General Atomics Aeronautical Systems, Inc. (GA-ASI) has announced a new contract with the U.S. Air Force Special Operations Command (AFSOC) to provide three MQ-9B SkyGuardian® remotely piloted aircraft systems to its first U.S. customer.
MQ-9B will play a key role in developing AFSOC’s new Adaptive Airborne Enterprise (A2E) concept, which envisions AFSOC projecting air power for special operations forces from beyond the horizon, using a family of large UAS (unmanned aerial systems) and expendable, small UAS from permissive to denied environments.
“We’re very excited to continue our great partnership with AFSOC well into the future,” said David R. Alexander, president of GA-ASI. “MQ-9B is the ideal platform for inserting air-launched effects into potentially hostile environments. The MQ-9B’s combination of range, endurance, reduced manpower footprint, and overall flexibility will make it a true centerpiece of AFSOC’s future family of advanced UAS systems.”
MQ-9B represents the next generation of UAS, having demonstrated airborne endurance of more than 40 hours in certain configurations, automatic takeoffs and landings under SATCOM-only control, as well as a GA-ASI-developed Detect and Avoid System, among other upgrades. Its development is the result of a company-funded effort to deliver a UAS that can meet the stringent airworthiness certification requirements of various global military and civil authorities.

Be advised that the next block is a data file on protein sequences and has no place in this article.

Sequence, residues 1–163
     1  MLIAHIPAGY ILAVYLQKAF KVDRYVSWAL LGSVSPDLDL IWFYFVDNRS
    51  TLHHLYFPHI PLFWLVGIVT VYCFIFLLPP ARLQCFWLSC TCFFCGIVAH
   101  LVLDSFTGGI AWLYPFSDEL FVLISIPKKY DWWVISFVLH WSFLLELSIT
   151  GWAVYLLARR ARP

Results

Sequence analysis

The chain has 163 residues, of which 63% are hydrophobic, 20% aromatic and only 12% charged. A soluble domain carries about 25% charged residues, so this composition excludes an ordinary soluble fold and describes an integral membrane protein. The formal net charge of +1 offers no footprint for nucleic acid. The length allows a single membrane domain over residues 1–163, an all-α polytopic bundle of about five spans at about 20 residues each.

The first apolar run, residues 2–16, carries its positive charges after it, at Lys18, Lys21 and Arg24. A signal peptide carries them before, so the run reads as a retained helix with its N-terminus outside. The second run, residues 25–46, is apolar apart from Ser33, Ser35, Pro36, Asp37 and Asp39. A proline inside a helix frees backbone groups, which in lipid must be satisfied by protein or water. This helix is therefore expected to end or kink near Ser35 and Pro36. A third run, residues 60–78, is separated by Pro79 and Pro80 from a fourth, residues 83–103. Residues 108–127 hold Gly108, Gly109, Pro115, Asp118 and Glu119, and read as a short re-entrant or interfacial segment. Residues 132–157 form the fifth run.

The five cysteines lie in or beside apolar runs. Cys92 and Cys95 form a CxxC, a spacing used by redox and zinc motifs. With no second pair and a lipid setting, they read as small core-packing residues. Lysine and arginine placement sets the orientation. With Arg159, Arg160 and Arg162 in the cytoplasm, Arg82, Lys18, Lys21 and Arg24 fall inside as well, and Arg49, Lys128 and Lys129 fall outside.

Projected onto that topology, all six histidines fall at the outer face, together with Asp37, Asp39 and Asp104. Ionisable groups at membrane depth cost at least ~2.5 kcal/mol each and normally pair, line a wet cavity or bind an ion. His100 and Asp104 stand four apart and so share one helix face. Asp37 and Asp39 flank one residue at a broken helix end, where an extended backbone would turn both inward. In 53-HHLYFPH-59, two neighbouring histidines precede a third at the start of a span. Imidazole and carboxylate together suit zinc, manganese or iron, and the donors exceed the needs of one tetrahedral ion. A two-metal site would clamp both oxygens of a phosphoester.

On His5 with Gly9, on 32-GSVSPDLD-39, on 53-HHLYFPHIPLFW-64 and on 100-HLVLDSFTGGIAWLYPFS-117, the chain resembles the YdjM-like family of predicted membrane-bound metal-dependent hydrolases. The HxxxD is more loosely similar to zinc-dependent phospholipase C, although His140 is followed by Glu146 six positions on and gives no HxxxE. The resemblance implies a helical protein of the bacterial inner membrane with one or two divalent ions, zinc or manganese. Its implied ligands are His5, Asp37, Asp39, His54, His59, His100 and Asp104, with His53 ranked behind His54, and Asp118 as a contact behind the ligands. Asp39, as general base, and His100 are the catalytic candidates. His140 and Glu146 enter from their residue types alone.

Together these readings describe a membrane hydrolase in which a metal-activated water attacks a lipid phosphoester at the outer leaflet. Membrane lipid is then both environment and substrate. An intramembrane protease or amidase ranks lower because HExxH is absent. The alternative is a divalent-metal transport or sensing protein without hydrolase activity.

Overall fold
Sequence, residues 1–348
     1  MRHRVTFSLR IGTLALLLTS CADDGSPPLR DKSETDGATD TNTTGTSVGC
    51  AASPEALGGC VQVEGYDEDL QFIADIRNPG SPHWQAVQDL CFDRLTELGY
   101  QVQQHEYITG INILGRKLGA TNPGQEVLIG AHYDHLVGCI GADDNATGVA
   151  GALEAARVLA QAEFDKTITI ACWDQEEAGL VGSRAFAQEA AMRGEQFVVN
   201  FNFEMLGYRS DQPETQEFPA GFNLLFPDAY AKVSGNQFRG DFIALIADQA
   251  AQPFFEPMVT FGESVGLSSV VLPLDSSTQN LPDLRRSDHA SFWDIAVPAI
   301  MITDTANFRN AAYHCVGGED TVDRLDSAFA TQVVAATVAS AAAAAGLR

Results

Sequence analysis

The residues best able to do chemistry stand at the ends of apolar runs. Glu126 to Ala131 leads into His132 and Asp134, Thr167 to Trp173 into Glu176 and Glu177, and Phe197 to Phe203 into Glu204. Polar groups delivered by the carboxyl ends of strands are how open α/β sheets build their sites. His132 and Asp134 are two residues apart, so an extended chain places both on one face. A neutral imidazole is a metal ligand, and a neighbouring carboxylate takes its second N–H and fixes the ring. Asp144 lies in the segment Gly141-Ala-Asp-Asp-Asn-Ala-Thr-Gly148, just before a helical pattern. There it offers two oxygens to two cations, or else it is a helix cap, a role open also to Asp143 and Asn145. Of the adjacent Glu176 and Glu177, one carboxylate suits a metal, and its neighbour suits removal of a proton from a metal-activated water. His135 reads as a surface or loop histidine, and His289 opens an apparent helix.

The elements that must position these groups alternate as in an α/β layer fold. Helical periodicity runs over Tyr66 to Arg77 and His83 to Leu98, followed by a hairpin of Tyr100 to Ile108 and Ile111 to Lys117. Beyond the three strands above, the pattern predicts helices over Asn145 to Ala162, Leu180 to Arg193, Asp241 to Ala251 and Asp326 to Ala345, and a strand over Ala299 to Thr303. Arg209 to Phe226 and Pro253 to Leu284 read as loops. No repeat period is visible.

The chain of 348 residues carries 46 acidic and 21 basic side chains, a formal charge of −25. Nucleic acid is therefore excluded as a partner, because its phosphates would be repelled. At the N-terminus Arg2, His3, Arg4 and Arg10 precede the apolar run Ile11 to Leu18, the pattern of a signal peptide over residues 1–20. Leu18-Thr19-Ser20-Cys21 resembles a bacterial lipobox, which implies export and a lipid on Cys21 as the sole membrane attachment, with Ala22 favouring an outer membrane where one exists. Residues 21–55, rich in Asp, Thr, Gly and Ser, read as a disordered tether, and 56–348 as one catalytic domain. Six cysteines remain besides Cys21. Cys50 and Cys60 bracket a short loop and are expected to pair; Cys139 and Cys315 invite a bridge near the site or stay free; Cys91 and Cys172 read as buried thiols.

MQ-9B has garnered significant interest from customers throughout the world. After the UK Ministry of Defence selected MQ-9B SkyGuardian for its upcoming Protector program, the Belgian Ministry of Defense signed a contract for SkyGuardian. The Japan Coast Guard is currently operating MQ-9B in the SeaGuardian® configuration, which the Japan Maritime Self-Defense Force (JMSDF) also recently selected for its Medium-Altitude, Long-Endurance (MALE) RPAS Trial Operation Project beginning in April.
AFSOC’s acquisition of MQ-9B builds on more than 20 years as a GA-ASI partner and more than 14 years flying the MQ-9A Reaper, operating more than 40 aircraft in harsh environments around the world.